10th Avenue location tabbed for new city hall

POULSBO — After a $76,000 study concluded that a $600,000 investment in the original site for a municipal campus in Little Norway was a bust, city officials are hoping for better luck the second time around.

In 2000, the city purchased a 2.75-acre parcel known as the Morris property near its current public works facility in hopes of building a municipal campus that would consolidate city hall, the police department, courts and a civic center. By 2003, those plans had been abandoned.

The municipal campus idea, however, was not.

On Wednesday night, city council members gave their unanimous approval to allow Mayor Donna Jean Bruce to enter into negotiations with Olympic Property Group for a 5.65-acre parcel at the corner of Lincoln Road and 10th Avenue. Costs for the property have yet to be determined, but estimates for the building and land range from $6 million-$6.5 million.

“I think the land has the best potential for the city’s use, even though it is a tight site,” Public Works Director Jeff Lincoln told council members as he laid out the details of the proposal.

The location is the first viable option to surface since plans to build on the Morris property were scrapped due to environmental constraints limiting development on the land. City staff presented 10 possible locations to the mayor and council in numerous executive sessions before announcing the 10th Avenue property as the preferred location.

“I believe there is room for city hall, courts and the police department,” Lincoln said. “However, I am not totally convinced it will work, which is why I want to work with architects before finalizing the deal.”

One of the site’s potential drawbacks is its isolation from the downtown corridor, as it is bounded on three sides by roads including State Route 305, noted Councilman Mike Regis.

That link to downtown will be one of the key aspects in the development of the property, Regis remarked.

“If we can’t tie it back to downtown on a pedestrian level, then we don’t need to do it,” Regis said.

Under the city and OPG agreement, both parties would have 60 days to come to terms on the property, but that period could be extended by mutual consent.

Those terms could include a land swap that would be beneficial to both parties, Lincoln said.

“Whatever the land swap lacks, we’d be asked to make up for in cash,” he noted.

The 10th Avenue property is currently valued at $2.05 million, including the company’s $1.04-million headquarters, which will remain on the property, even if the sale goes through. The current city hall site on Jensen Way is valued at $1.09 million and the current police department site is valued at $659,400.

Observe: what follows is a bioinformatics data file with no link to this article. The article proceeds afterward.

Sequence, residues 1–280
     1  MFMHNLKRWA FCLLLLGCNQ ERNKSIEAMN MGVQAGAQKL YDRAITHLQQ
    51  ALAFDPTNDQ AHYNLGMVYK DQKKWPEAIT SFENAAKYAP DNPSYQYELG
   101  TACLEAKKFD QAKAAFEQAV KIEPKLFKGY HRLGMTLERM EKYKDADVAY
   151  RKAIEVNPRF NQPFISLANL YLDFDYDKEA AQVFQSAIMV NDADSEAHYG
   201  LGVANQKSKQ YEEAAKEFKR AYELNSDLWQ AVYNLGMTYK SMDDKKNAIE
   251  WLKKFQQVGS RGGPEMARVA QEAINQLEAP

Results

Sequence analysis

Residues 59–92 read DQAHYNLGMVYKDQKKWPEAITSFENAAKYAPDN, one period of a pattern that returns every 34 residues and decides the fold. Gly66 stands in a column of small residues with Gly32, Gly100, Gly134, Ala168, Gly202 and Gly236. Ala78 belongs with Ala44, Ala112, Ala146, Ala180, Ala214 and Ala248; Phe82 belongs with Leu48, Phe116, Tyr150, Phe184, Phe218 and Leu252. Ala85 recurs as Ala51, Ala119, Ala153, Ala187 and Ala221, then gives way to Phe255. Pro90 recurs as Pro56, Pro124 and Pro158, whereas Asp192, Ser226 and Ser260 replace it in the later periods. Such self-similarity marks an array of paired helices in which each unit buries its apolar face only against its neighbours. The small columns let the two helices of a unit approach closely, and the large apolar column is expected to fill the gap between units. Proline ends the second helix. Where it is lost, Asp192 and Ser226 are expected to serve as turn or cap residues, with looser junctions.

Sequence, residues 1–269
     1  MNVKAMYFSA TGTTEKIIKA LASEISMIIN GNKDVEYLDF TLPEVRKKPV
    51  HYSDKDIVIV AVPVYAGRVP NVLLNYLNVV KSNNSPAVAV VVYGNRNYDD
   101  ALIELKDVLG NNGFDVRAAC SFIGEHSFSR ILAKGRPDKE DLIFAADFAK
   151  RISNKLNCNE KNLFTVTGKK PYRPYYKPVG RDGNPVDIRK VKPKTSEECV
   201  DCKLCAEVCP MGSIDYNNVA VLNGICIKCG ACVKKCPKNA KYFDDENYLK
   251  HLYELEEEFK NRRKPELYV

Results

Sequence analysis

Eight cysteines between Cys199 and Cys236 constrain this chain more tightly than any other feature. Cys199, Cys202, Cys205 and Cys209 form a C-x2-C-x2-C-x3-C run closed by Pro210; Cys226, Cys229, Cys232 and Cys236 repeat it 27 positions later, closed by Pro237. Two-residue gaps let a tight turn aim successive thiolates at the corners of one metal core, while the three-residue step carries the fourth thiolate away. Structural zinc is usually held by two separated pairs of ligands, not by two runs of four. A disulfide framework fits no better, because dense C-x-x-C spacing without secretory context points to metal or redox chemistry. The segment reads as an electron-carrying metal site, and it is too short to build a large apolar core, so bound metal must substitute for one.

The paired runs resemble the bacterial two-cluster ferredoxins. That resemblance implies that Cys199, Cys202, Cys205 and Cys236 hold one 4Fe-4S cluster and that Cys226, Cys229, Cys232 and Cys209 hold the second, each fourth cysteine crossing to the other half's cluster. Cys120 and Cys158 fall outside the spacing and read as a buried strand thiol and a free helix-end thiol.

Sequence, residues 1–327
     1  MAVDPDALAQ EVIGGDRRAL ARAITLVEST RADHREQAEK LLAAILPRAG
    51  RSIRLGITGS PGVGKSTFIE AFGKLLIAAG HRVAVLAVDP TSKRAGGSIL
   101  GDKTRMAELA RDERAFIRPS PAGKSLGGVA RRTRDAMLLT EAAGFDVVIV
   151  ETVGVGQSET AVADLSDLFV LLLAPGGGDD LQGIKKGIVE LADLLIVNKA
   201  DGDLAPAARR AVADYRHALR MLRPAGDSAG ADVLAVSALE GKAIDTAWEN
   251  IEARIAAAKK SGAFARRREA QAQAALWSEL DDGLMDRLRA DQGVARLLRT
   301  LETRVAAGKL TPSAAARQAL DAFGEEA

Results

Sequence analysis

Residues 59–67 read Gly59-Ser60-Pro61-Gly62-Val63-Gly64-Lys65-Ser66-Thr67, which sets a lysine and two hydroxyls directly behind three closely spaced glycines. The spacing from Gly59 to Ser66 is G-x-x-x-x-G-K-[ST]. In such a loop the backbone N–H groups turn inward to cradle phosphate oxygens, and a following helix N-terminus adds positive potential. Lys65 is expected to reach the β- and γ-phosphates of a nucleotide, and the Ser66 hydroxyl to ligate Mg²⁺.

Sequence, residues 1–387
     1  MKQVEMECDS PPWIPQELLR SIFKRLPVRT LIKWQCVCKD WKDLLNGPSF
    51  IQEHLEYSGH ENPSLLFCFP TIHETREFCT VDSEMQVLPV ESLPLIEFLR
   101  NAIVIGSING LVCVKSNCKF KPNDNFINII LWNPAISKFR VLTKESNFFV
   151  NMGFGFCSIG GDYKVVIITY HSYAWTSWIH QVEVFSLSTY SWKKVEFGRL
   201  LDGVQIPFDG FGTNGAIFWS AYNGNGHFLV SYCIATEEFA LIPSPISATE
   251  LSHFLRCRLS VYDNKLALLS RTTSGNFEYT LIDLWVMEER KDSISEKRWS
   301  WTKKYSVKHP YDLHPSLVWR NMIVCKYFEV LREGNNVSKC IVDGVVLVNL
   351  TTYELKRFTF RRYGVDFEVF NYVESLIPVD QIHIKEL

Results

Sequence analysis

Regardless as to what the city does, OPG already has plans to develop the property, he explained, pointing to the group’s application for the Westview Business Park project.

“That application will continue to move forward, but if we get to purchase and sale, we will have to address that issue,” he said.

As part of the effort required to move the project forward, Lincoln asked the council to award Tacoma architecture-firm BLRB a contract not to exceed $50,000 to study the feasibility of the property.

BLRB designed Gig Harbor’s civic center and initially declined the city’s offer to interview for the project, he said.

“I really respect it when somebody tells me no,” he remarked. “However, when we asked them again in June, they said they were available.”

The firm presented the interview committee conceptual ideas of potential possibilities for the site, which generated some excitement among members, Lincoln said.

“They are concepts, which are exciting to be considered,” he explained, noting that one potential addition could be a pedestrian bridge over SR 305 linking city hall to the downtown corridor.

However, Councilman Ed Stern said that the time to move forward with the municipal campus idea is now.

“We do need to make some hard decisions because otherwise it would be costing us a lot of money,” Stern remarked, pointing out that the current city hall is need of numerous repairs.

While agreeing with the proposal to start negotiations, Councilman Jeff McGinty stressed the need for a complete study by the architects before finalizing any real estate purchase.

“This is something we absolutely need to do, so we don’t end up with something like we did on the Morris property,” McGinty explained.

We encourage an open exchange of ideas on this story's topic, but we ask you to follow our guidelines for respecting community standards. Personal attacks, inappropriate language, and off-topic comments may be removed, and comment privileges revoked, per our Terms of Use. Please see our FAQ if you have questions or concerns about using Facebook to comment.
blog comments powered by Disqus

Read the Oct 21
Green Edition

Browse the print edition page by page, including stories and ads.

Browse the archives.

Friends to Follow

View All Updates